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Common, subst., 1) an open ground equally used by many: “and make a c. of my serious hours,” Err. II, 2, 29. “my lips are no c.” LLL II, 223. “for enclosing the --s of Melford,” H6B I, 3, 24. “graze in --s,” Caes. IV, 1, 27.
2) the common people (opposed to the nobility): “touching the weal o' the c.” Cor. I, 1, 155. “hath he not passed the noble and the c.” III, 1, 29. Usually in the plural: “the --s hath he pilled,” R2 II, 1, 246. II, 2, 88. II, 2, 88 H4B II, 3, 51. H6B I, 1, 192. I, 3, 131. III, 1, 28. III, 1, 28 III, 1, 28 III, 1, 28 III, 2, 125. III, 2, 125 IV, 1, 100. IV, 2, 192. H8 I, 2, 104. II, 1, 49. Cor. II, 1, 282. III, 3, 14. V, 6, 4. Caes. III, 2, 135.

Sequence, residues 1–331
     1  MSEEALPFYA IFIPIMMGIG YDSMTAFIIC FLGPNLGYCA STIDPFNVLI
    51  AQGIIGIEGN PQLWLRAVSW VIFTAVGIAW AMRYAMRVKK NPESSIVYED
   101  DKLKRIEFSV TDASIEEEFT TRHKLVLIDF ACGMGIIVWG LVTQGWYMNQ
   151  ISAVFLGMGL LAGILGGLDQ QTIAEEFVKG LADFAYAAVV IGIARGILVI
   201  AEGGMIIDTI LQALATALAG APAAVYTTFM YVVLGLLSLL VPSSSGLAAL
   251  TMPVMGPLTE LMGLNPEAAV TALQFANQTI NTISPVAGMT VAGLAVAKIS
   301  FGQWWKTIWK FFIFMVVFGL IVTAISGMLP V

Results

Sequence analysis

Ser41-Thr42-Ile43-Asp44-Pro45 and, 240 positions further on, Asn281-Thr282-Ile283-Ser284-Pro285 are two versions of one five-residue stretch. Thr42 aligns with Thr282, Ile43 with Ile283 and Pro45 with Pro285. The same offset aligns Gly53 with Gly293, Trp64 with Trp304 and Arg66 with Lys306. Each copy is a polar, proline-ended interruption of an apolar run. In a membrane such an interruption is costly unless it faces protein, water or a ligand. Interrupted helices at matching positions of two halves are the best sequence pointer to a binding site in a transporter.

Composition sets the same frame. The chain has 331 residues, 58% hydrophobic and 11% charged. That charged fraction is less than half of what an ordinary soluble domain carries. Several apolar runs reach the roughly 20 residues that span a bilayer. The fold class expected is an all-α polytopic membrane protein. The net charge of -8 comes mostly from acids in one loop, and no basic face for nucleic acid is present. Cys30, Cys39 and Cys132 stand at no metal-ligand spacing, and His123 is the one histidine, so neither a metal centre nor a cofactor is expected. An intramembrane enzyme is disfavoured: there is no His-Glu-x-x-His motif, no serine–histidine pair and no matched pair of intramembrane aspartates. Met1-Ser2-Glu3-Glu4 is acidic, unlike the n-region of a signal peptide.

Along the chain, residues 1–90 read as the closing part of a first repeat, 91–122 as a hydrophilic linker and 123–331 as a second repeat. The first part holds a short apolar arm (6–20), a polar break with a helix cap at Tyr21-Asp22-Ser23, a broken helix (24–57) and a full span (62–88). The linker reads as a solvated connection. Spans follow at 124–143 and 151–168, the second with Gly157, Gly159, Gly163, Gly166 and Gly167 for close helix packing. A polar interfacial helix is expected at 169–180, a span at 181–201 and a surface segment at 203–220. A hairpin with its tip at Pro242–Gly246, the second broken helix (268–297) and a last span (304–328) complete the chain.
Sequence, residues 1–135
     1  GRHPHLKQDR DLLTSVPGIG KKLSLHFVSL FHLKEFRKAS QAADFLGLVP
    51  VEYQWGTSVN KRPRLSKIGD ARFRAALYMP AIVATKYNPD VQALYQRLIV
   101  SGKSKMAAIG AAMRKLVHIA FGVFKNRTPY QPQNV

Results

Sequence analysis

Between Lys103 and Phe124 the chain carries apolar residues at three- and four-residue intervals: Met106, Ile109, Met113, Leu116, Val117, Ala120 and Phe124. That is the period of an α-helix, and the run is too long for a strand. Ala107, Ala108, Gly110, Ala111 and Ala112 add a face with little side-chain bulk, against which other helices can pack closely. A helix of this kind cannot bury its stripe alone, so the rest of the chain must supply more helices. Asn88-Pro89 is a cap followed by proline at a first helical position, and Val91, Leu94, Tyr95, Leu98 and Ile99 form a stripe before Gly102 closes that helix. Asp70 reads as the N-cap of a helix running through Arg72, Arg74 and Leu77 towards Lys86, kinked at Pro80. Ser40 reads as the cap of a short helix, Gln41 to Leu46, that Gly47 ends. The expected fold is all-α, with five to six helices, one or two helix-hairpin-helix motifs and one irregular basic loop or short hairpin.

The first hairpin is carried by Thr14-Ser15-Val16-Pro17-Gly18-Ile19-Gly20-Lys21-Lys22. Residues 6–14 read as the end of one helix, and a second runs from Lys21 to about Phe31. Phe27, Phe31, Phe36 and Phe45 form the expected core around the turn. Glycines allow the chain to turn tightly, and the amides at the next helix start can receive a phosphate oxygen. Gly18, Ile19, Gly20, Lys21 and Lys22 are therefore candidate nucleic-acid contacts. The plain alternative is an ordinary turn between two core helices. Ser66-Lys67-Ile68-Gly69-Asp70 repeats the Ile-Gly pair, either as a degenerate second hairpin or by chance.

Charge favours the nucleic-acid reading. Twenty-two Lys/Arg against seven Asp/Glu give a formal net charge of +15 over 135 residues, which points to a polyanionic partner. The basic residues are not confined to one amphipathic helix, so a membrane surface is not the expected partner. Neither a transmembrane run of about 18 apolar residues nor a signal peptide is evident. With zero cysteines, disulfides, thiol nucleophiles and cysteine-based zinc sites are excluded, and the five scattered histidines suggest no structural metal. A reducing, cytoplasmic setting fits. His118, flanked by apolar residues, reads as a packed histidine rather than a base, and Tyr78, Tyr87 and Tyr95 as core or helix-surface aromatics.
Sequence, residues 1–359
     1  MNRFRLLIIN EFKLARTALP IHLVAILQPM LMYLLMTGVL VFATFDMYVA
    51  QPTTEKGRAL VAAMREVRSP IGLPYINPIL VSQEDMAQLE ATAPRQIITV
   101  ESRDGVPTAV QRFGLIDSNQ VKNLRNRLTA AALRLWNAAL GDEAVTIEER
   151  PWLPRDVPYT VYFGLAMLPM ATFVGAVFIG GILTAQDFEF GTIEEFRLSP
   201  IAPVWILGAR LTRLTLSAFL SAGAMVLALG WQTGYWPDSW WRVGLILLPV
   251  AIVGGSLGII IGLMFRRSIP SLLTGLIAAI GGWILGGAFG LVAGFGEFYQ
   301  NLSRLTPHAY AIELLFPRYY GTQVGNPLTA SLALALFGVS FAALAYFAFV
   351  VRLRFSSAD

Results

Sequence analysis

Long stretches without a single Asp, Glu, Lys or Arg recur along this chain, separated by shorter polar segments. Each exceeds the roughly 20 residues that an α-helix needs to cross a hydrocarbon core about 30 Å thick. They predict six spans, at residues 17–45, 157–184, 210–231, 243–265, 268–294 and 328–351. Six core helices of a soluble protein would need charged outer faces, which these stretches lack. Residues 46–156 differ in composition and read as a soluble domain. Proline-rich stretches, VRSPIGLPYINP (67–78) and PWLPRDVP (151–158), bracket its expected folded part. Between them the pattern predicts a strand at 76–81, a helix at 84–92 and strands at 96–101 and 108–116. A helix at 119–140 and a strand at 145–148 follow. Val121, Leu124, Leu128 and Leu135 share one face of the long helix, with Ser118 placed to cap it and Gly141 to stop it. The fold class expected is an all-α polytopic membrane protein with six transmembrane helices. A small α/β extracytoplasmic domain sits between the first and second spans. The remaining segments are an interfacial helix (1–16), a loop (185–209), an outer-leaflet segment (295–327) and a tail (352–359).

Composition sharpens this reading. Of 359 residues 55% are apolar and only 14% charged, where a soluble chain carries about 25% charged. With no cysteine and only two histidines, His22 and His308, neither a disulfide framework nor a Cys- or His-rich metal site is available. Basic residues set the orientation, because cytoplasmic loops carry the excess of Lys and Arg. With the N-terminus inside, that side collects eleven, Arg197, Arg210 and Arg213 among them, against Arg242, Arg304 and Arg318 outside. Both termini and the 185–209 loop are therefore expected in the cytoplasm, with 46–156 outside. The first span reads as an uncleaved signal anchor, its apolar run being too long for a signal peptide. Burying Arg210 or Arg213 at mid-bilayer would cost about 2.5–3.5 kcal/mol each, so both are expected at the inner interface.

3) the --s == the lower house of parliament: R2 IV, 154. H5 I, 1, 71.
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